After returning from Columbus and our own bed, I sleep soundly, but still awaken at 4AM. It seems to be the magic time for me these days. Perhaps I really do need to re-prioritize with yoga going to the top of the list? But here I am, at 4AM, wide awake. I take my laptop out on the balcony and sit down to blog. This is my favorite place in the morning. The city traffic trickles by instead of roaring and the cool morning wind makes me feel like someday, it really will be less than 95 degrees. I pause and look out over the city lights–many of which are solar powered. The lights make Chattanooga seem like a bigger city than it is, glowing with the insistence that it matters. I think about my sister-in-law and my nephew. They are in New Orleans,when sister-in-law returning my nephew to college after summer break. She will drive to Chattanooga today, staying with us for two nights as our first visitor. I think about how the city looked to me the first time I saw it and wonder if it will charm her in the same way.
I relax for a moment, realizing that today will be a relaxed day compared to the previous days in Columbus. With no one to see and no need to commute to work, I will wake Pat up in a couple of hours and we will take our morning walk by the river. I check my work email and take care of a few quick items, making sure There are no emergencies that require changing the pace of my morning. As the first rays of sunlight start to hit the bridges below, I pause again to appreciate the changing scene. A bat flies by, probably to retire for the day, and I wonder how many Mosquitos it ate last night.
I go in and open the refrigerator. It’s completely empty except for a water-filter pitcher. We have been buying groceries European style–buying only what we need for a day at time. In some ways it seems a waste of an American refrigerator, but the walk to the grocery is short and carrying groceries home limits how much we can buy at one time. I smile as I think of how many small things have changed in our life by moving to a new community. We could have walked to the grocery store in Columbus every day, but it didn’t occur to us. Changing places makes us think more about changing habits.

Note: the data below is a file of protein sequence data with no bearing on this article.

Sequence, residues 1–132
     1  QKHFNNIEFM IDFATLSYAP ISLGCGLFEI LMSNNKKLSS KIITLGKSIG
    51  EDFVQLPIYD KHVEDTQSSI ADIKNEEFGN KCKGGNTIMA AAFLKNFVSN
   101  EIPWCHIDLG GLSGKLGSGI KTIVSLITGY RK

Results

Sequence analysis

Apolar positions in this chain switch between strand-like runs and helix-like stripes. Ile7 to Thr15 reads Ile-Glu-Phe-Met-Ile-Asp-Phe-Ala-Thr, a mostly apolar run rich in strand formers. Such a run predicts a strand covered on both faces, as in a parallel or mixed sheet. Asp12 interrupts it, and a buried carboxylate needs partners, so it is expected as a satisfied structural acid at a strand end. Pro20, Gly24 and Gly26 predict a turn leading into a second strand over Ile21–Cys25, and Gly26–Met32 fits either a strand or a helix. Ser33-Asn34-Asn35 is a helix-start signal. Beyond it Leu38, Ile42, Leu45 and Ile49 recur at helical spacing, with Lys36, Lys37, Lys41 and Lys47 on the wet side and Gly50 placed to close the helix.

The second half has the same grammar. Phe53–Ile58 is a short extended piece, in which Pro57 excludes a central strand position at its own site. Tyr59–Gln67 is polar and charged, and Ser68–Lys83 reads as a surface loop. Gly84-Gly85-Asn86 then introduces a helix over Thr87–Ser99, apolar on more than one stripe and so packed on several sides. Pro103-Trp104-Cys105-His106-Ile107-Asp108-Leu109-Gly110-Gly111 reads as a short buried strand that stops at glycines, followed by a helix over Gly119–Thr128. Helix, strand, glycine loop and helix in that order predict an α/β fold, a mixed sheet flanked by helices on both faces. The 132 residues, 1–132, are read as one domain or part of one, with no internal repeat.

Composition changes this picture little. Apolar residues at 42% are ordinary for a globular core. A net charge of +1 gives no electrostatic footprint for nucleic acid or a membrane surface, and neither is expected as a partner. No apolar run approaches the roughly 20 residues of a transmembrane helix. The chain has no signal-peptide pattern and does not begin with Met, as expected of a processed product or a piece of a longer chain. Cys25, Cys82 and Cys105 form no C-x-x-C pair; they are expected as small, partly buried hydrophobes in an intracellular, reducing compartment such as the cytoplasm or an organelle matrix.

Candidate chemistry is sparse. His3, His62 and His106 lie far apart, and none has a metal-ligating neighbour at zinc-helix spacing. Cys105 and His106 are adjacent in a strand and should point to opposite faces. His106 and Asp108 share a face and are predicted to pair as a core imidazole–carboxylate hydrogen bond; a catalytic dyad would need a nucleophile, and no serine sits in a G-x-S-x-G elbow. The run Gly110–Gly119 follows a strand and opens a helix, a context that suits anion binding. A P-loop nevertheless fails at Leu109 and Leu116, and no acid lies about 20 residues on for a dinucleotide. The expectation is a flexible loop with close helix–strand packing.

I putter around for a bit in the kitchen and then return to the balcony, still thinking of my nephew going back to school. I remember going back to college myself. It was not such a dramatic change for me. For one, I didn’t leave my home town. In fact, I didn’t leave home until my senior year (although I still paid rent). For another, I took classes every summer, so my break was limited to 3 weeks between summer and fall quarters. I also worked, so the continuity of my job(s) kept that break from feeling much like a break. Even so, the feeling of going back to school always delineated the summer from the fall even when the weather belied the shifting seasons. It was always a time of reflection with a sense of starting fresh. I wonder where that feeling went after so many years of work with no seasonal changes. I now look forward to fall for the shift in weather. The cold nights and sunny days feel like a burden lifting, but gone is the excitement of starting over as the seasons change. I wonder if, in this new place, that excitement will be reborn.
It’s almost time to wake up Pat. When I return inside, he is already up. I check my email again just in case something is going on in another part of the world where the offices are shutting down for the day. I wonder if my colleagues on the other side of the globe are watching the sunset as I watch the sunrise–each of us witnessing the same event from opposite directions.